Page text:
Thesis/Capstone
Publication Date
Advisor(s): Tugba Efendigil
Topic(s) Covered:
  • Demand Planning
  • Forecasting
Abstract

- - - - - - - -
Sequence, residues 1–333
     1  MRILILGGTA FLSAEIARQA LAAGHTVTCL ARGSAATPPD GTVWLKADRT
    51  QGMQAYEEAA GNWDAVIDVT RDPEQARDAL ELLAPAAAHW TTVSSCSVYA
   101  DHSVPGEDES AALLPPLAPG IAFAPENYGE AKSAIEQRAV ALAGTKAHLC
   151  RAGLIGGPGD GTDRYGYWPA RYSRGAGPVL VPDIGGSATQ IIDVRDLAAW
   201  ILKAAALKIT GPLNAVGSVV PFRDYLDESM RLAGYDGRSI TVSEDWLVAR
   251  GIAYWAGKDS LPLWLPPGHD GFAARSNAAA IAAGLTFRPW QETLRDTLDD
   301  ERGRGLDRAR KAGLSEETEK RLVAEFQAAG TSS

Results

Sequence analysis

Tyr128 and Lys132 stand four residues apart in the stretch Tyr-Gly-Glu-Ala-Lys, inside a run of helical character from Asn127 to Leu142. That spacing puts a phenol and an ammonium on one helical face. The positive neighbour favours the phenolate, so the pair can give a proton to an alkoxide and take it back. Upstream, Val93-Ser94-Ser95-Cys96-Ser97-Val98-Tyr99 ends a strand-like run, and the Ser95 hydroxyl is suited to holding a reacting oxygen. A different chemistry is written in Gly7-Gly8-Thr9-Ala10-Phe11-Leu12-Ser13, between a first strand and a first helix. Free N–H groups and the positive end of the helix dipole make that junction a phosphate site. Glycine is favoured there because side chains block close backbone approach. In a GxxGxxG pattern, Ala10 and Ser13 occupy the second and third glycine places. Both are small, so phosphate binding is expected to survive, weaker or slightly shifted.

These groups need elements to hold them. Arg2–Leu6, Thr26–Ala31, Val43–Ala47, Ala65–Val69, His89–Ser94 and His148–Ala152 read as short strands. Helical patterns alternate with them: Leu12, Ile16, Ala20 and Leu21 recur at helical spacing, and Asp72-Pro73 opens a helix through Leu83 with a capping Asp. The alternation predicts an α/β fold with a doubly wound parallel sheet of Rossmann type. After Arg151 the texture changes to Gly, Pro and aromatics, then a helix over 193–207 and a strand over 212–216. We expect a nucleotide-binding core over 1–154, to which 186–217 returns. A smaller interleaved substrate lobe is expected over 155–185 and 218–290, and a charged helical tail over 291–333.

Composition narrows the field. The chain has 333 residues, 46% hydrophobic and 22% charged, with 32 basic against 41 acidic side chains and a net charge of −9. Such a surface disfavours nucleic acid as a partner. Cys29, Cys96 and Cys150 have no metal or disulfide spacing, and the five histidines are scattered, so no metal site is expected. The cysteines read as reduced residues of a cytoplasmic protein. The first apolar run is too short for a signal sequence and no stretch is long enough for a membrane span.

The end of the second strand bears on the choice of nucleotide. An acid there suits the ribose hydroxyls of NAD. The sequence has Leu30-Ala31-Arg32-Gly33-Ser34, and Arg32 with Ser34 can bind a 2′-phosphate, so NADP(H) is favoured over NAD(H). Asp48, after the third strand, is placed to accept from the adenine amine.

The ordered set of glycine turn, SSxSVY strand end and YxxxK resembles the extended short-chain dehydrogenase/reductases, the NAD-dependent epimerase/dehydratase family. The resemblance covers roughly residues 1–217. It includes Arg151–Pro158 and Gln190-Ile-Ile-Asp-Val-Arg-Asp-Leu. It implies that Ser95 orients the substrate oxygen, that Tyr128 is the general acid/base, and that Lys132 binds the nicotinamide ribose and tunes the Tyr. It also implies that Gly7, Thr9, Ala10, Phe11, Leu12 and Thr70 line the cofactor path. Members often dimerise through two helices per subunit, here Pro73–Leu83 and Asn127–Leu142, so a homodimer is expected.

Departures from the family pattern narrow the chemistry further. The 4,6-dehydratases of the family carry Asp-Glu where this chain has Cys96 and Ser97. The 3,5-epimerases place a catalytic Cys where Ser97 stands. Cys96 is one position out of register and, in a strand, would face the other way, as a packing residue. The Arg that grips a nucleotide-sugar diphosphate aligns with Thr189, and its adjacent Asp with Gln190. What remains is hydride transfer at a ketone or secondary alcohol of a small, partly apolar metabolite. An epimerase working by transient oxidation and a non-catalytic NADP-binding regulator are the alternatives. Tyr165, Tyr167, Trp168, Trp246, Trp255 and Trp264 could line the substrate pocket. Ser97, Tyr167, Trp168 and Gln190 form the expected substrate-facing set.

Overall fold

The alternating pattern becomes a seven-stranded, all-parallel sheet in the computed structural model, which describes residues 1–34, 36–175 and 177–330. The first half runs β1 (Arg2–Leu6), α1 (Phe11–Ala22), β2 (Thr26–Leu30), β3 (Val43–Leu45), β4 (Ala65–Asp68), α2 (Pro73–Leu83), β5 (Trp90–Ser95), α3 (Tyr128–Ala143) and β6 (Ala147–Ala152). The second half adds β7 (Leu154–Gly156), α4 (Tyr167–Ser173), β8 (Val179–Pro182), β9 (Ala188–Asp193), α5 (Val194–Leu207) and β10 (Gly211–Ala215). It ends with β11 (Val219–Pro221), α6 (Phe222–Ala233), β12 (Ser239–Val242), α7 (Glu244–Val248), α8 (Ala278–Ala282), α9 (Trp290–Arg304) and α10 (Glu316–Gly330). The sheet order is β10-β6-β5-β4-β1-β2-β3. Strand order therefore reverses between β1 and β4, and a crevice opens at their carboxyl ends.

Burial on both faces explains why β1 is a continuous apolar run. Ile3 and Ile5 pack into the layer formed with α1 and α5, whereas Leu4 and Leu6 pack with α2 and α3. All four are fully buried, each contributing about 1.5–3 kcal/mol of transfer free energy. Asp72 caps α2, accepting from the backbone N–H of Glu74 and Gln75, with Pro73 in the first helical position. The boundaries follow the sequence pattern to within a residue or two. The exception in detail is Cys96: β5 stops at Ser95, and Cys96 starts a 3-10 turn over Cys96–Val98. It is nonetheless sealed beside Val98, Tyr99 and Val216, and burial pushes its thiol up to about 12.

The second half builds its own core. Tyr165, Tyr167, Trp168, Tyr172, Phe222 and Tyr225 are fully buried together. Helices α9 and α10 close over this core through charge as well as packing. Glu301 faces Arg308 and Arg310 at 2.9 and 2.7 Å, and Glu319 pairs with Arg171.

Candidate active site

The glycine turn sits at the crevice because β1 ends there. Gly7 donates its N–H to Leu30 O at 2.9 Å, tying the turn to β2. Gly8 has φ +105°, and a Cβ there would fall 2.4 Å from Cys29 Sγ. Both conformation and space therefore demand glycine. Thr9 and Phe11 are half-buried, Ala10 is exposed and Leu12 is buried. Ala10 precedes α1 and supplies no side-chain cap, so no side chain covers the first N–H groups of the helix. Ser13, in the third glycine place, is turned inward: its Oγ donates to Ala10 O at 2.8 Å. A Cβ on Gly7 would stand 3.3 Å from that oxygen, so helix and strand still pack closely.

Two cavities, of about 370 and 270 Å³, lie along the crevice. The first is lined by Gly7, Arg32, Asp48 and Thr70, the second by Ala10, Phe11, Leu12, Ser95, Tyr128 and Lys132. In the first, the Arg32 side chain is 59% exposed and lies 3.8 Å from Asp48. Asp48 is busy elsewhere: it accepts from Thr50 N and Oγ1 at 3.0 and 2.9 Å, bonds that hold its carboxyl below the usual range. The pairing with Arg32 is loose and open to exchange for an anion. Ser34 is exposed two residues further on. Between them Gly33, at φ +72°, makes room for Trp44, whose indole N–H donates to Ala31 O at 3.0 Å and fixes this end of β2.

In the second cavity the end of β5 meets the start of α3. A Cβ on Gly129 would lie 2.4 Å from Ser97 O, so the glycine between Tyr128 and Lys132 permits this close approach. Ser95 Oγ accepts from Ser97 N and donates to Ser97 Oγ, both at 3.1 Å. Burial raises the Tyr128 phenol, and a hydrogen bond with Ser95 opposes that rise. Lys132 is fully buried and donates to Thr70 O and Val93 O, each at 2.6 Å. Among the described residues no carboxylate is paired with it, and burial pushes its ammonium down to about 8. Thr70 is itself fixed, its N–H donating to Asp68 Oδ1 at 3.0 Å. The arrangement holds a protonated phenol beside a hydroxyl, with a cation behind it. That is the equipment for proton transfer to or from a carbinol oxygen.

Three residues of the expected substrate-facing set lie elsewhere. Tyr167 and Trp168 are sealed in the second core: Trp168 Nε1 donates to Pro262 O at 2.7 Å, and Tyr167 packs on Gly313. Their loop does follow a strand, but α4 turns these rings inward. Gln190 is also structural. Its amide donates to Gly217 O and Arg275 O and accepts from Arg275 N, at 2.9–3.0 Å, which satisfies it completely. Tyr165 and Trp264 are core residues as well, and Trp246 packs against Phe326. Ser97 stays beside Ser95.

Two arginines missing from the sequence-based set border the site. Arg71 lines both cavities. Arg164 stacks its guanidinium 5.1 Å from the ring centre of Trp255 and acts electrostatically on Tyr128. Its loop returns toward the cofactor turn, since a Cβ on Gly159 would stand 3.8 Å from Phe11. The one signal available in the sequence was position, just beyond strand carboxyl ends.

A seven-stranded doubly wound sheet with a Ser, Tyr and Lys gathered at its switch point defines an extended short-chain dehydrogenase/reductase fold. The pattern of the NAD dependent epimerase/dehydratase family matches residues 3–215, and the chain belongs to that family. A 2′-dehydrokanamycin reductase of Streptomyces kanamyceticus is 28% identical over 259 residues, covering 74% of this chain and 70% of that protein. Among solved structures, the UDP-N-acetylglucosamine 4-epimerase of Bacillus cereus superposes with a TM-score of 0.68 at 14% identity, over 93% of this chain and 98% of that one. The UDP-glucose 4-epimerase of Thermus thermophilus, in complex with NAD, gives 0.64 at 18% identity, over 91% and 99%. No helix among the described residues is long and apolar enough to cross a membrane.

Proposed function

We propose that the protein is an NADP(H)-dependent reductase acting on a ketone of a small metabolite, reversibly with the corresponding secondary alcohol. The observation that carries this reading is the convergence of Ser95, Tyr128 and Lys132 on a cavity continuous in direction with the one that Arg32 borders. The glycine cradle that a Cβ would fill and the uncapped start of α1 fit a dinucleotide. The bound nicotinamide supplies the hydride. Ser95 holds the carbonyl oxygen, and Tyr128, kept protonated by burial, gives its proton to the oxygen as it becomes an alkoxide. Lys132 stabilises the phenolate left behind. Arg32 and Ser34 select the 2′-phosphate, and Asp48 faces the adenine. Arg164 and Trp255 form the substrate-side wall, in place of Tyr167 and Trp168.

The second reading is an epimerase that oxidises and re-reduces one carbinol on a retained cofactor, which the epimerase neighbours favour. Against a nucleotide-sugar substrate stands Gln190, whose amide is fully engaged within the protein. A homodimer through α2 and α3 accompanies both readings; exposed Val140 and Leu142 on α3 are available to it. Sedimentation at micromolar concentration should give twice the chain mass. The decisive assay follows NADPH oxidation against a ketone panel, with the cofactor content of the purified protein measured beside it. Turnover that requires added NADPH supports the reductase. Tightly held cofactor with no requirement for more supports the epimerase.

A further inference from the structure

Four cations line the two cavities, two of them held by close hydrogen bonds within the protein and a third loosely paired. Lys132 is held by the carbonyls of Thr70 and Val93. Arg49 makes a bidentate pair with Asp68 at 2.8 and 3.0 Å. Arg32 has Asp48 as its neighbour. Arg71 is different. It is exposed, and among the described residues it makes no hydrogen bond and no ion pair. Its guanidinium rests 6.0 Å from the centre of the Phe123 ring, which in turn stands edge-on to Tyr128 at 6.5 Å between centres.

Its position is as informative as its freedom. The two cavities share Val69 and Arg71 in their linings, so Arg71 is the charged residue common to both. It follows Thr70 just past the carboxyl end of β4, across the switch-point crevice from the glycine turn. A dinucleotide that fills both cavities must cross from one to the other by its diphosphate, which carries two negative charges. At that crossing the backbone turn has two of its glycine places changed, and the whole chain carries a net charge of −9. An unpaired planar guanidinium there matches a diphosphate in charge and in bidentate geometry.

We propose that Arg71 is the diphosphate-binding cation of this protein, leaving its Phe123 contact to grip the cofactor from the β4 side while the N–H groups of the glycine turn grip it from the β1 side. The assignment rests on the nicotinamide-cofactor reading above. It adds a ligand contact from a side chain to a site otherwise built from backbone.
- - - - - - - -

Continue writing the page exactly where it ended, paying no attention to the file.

With the evolution of technology, more data became available to observe consumer purchase patterns. Traditional forecast methods used to rely on only shipment history. Nonetheless, due to  the accessibility of  consumer  data, a forecast process that integrates downstream flow has shown good results in improving the forecast accuracy in supply chains. In this research we investigate the benefits and validity of linking downstream distributor data in a fast-moving consumer goods company to improve forecast accuracy for intermittent demand. We used multi-tier regression analysis to link distributor sellout data to a retailer in order to predict shipment volume, and then performed a comparison analysis using the Croston method. We concluded that using multi-tier regression analysis has made a slight improvement on an aggregated level; however, the success of this method is subject to data availability that could be a constraint in certain situations. The Croston method has shown significant improvements at the item level and helped to better stabilize the forecast, yet it doesn't consider downstream data. We show a comparison between the two methods, and how to primarily link distributor data in the company's forecast to improve forecast accuracy.